Sea Shepherd Global offers to help enforce ban on shark trade
BANDAR SERI BEGAWAN
A LEADING direct-action conservation organisation has expressed interest in assisting local authorities in their efforts to uphold the shark trade ban.
Sea Shepherd Global’s Director of Asia, Gary Stokes, said they are willing to help Brunei implement its blanket ban on the import, catch and sale of shark products after reports of repeated violations against the recent ruling.
“We can and will assist where possible,” he said in an interview, highlighting the need for tougher enforcement and heightened awareness.
In a move to protect the endangered animal, Brunei last year became the first in Asia to impose a total ban on shark products. The law was also introduced to save the country’s dwindling fish resources owing to decades of overfishing.
However, recent news have surfaced of salted shark being sold at major supermarket chains as well as fresh and grilled shark meat made available on the black market.
Stokes said that Sea Shepherd Global can help with producing some of the materials needed to increase awareness about the shark trade ban such as public information leaflets and posters targeting fish markets.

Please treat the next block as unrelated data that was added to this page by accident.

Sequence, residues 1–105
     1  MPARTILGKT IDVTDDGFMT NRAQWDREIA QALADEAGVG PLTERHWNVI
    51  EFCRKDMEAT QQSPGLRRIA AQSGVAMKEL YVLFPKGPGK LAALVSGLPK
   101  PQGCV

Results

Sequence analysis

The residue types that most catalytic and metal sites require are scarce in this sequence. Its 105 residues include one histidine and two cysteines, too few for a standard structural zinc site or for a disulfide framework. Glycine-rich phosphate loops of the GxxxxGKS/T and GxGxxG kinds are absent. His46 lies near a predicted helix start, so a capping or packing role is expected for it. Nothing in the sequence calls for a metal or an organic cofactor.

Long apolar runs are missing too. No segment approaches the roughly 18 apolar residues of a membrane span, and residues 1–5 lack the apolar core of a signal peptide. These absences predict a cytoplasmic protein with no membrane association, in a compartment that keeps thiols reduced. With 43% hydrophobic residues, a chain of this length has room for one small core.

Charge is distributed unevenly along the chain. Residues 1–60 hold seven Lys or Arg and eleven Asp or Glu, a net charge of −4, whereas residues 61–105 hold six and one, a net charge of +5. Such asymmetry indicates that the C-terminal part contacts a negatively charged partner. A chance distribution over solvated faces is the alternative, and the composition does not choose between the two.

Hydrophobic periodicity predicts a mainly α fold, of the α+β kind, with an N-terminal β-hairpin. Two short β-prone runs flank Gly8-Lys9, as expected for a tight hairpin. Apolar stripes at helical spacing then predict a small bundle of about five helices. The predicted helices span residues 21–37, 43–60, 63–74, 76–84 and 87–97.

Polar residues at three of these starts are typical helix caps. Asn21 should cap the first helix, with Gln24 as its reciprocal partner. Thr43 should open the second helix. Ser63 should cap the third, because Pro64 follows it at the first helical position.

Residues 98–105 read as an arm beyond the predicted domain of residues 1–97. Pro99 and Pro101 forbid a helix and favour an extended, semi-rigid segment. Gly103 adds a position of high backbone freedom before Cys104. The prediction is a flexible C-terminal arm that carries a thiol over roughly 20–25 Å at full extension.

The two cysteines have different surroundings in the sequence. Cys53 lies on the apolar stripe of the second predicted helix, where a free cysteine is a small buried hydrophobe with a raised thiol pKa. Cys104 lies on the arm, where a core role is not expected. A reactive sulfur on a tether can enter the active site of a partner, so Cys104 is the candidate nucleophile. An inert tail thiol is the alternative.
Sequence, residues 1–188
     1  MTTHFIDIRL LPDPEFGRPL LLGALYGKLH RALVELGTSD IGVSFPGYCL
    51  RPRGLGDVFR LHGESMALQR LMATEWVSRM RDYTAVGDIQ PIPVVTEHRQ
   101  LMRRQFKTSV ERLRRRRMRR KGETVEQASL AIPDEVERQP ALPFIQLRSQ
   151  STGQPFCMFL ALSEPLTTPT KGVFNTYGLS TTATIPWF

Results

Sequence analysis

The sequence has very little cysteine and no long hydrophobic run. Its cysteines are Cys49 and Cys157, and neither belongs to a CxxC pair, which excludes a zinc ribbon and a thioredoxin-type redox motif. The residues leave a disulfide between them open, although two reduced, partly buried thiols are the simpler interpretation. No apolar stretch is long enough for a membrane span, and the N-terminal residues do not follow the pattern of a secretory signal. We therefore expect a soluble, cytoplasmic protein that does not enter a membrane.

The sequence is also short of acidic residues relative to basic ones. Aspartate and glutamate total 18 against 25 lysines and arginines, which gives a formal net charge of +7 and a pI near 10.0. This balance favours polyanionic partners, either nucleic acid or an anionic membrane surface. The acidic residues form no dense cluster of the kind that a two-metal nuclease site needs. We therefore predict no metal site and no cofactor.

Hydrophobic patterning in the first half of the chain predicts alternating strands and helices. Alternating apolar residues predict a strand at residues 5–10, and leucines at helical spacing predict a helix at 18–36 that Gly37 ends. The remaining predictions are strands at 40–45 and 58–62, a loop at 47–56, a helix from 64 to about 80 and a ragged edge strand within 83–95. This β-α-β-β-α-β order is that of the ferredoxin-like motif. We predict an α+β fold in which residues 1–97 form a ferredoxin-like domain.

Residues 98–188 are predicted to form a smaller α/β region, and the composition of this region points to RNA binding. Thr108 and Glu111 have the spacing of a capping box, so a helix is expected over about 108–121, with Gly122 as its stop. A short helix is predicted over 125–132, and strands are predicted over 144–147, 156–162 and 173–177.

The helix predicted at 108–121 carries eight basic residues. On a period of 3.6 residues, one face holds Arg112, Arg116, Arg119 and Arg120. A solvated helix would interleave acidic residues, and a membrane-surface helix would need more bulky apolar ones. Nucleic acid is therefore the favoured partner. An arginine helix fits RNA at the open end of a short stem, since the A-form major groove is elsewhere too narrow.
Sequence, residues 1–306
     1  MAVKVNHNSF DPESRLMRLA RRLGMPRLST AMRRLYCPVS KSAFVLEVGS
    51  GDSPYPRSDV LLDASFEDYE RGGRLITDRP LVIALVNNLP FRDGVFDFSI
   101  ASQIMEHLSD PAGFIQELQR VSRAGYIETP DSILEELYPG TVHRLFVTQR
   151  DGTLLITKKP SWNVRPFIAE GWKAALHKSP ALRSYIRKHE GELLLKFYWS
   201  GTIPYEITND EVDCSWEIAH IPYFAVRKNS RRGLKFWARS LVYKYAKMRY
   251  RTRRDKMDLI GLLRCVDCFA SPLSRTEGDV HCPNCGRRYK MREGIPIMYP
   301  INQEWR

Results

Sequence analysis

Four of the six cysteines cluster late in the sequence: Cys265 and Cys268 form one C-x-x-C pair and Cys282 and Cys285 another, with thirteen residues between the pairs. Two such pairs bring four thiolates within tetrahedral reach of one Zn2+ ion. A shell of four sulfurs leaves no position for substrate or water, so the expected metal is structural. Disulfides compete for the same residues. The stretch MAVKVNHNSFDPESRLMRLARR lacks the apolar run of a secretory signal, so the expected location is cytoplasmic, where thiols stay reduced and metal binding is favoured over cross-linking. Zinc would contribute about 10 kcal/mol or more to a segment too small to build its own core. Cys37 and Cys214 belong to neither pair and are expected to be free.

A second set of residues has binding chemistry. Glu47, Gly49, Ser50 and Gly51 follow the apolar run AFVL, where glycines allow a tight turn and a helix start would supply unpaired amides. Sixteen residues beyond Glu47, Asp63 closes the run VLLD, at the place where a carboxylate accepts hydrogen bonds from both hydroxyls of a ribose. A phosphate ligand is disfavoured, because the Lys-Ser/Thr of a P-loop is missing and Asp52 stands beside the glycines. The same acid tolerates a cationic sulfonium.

He pointed out there were various ways of raising awareness and that some methods were more effective than others.
“A national television advertising campaign will drive the message right home, but ultimately it is the inspectors at the fish markets and ports of entry that can stop shark products from entering Brunei,” he explained.
He added the organisation would also consider providing advice to the government, but reiterated that enforcement is under the jurisdiction of the authorities.
Since it was founded in Vancouver, Canada in 1977, Sea Shepherd Global has embarked on hundreds of voyages across the world to intervene and uphold international conservation regulations protecting marine wildlife.
In their latest mission to combat illegal fishing, Stokes said they were working with the International Criminal Police Organisation (INTERPOL) to bring six listed illegal vessels to justice.
Sea Shepherd Global also put up a US$1,000 reward in February for any information leading to the arrest and conviction of a shark trade offender in Brunei, following a string of claims alleging the continued poaching and selling of sharks after the ban took effect.
As apex predators, sharks are vital in keeping the oceans healthy. However, many of its species are believed to be endangered due to overfishing and overconsumption.
The Brunei Times